Members of President Donald Trump’s cabinet with Irish heritage made a holy show of themselves last Thursday, March 16, at the White House. Wearing green ties and pinning shamrocks to their lapels, they wrapped themselves up in the symbols of the Irish immigrant experience while simultaneously attacking today’s most vulnerable immigrants.
But by exchanging the hard lessons their Irish heritage for a little material advantage in 2017, they’re abandoning what’s tried and tested in pursuit of what’s popular.
Take Homeland Security Secretary John F. Kelly, whose job it is to enforce Trump’s manifestly racist, anti-immigrant policies. In January, a leaked policy document revealed that the Trump administration was planning to mobilize 100,000 National Guard troops to round up undocumented immigrants across 11 states.
The document, which caused uproar, bore Kelly’s name. It meant an anti-immigrant round up of truly historic proportions had an Irishman signing off on it, a startling divergence from the lessons of Irish history that can hardly be sufficiently expressed.
Then take House Speaker Paul Ryan, who announced last week that he’s been dreaming about stripping poor people of their health care since he was an undergraduate “drinking at a keg” three decades ago.
Ryan’s “health” bill, if it’s ever enacted, will mean 24 million fewer people will have health insurance by 2026, according to the Congressional Budget Office. The Irish have nurtured many mighty dreams over the centuries, but finding the opportunity to disenfranchise millions is, history will show, a recent addition to them.
Then there’s White House Budget Director Mick Mulvaney. On Thursday he informed us of the bone deep cuts the Trump administration plans to make to critical social welfare programs like school lunches and Meals on Wheels.
Instead of providing baseline services to seniors, Trump instead plans to send $54 billion to the Pentagon war chest whilst simultaneously slashing the diplomacy spending at the State Department.
Don’t concern yourself so much with compassion to poor school kids or incapacitated seniors, Mulvaney pleaded. Think of the savings to taxpayers.
“We are not spending money on climate change anymore,” he continued. “We view it as a waste of your money.” The rest of the world must think we’ve lost our minds.
Another Irish American who has cut every tie to his Irish heritage is Steve Bannon, Trump’s chief strategist. Bannon has repeatedly voiced his admiration for books by self-identifying fascists and white supremacists, and his visceral hostility to immigrants is long noted.
Previously chair of the far right Breitbart website, which he proudly proclaimed was “the platform for the alt-right,” Bannon has suggested that America is not only menaced by extremists but by the Muslim faith itself, which he sees as incompatible with democracy.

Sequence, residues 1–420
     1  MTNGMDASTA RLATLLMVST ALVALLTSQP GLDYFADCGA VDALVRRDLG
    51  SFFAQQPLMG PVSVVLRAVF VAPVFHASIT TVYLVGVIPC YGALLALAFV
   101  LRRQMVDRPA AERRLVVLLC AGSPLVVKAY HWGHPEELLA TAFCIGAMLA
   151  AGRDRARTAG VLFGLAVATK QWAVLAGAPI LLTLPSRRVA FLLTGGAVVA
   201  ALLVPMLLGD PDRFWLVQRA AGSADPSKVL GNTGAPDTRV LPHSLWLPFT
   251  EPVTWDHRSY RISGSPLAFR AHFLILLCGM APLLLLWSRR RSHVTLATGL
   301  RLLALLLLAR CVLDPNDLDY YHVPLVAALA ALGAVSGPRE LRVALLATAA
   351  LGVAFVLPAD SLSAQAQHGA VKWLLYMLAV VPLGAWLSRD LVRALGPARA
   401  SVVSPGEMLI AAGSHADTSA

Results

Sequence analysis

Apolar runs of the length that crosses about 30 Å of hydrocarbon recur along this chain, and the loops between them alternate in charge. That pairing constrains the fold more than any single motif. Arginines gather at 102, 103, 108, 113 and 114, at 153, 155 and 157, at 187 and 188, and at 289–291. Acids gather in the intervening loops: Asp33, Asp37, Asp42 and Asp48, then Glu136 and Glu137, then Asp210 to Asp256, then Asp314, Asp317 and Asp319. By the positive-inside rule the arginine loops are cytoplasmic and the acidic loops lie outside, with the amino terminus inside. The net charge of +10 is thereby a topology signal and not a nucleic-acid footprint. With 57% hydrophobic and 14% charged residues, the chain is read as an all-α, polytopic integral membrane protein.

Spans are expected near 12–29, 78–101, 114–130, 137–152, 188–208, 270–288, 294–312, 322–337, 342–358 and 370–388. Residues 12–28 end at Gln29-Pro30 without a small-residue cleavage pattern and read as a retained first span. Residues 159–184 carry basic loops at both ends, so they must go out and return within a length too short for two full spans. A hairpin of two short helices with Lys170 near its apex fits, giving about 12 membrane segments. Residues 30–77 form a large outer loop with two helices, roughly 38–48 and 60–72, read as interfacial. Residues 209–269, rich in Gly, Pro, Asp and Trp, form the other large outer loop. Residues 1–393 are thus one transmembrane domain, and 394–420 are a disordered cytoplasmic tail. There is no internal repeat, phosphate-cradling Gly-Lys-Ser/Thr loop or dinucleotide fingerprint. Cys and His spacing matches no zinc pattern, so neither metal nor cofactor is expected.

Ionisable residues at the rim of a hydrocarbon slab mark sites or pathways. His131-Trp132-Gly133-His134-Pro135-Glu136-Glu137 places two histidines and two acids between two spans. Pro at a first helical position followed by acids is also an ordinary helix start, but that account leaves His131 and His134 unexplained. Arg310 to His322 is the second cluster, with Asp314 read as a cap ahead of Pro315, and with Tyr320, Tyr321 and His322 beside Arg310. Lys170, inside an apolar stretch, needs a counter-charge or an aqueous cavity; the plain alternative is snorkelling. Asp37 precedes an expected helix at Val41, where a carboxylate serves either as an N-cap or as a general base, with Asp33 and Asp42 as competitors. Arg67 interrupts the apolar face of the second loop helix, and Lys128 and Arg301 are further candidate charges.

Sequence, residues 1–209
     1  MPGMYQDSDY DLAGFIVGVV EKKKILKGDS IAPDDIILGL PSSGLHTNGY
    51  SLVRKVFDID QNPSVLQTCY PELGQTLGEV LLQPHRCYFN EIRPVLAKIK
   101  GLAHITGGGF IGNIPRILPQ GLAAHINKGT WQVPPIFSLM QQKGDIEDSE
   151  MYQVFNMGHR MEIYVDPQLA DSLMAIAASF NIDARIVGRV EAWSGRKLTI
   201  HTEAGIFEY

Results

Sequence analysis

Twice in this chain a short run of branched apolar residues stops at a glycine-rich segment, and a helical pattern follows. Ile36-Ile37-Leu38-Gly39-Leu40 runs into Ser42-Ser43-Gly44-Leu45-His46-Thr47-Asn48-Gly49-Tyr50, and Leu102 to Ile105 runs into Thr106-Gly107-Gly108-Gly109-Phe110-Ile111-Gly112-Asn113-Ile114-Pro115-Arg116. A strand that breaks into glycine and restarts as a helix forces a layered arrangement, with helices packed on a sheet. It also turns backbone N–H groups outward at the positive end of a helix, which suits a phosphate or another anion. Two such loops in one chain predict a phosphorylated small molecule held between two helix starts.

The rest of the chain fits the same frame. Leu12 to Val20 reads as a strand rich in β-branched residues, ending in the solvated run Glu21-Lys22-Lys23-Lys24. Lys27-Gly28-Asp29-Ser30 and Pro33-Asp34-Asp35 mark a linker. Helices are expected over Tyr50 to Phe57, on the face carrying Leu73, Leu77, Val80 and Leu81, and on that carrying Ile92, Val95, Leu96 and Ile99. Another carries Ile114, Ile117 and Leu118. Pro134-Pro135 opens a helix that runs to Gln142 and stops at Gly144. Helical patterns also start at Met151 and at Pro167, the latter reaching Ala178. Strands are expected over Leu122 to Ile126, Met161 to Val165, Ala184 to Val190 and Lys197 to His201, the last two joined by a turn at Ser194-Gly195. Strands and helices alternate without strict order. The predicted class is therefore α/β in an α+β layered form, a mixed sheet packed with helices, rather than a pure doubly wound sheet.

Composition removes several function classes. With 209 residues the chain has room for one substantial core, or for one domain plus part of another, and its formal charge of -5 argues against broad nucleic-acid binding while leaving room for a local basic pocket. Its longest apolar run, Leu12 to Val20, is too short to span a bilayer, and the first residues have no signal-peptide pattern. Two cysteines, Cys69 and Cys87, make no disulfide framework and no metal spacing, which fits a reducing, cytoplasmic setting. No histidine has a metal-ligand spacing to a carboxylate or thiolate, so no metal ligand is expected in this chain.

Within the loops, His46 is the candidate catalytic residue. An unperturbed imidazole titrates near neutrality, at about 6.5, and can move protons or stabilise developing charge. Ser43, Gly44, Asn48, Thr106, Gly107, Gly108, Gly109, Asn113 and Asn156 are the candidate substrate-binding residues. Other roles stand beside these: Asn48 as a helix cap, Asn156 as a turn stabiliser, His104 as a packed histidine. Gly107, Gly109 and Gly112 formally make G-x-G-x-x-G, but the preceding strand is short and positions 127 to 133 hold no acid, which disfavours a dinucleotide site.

“The media will not criticize Islam, the president of the United States will not criticize Islam. Mrs. Clinton will not criticize Islam. Do you get a sense that the media in the west -- and I mean in London and in the United States -- is almost working under the precepts of Sharia law right now?” he once asked.
No Steve, we really don’t. Nor do we share your lunatic view that a global religious conflagration of biblical proportions between the west and the east is occurring or is imminent, so maybe don’t launch one.
Vice President Mike Pence’s stage Irish “top o’ the morning to you” greeting to the Taoiseach Enda Kenny in Washington sank like a stone in a room full of Irish dignitaries and demonstrated that Pence’s knowledge of his heritage and the Irish themselves goes no deeper than a Lucky Charms box.
This was followed moments later by other cultural outrages like Ryan’s flat and foamless pint of Guinness and Trump’s citing of an old Irish proverb that actually turned out to be a poem by a Nigerian banker.
But even more risible than all the fraudulent shamroguery on display in Washington last week was the toxic Trump budget. He’s building a historic war chest, which clearly signals his intention of starting a historic war. We should resist him and his belligerent budget.
Increasing defense spending by $54 billion, but cutting funding for medical research, public housing, education, climate science, aid to the poor and sick, national infrastructure, public broadcasting, legal aid to domestic violence victims, and gutting the U.S. Department of Agriculture’s (USDA) discretionary budget by $4.7 billion, means he’s ready to punish many of the communities that helped elect him last November. It’s enough to make you cry into your fake green beer.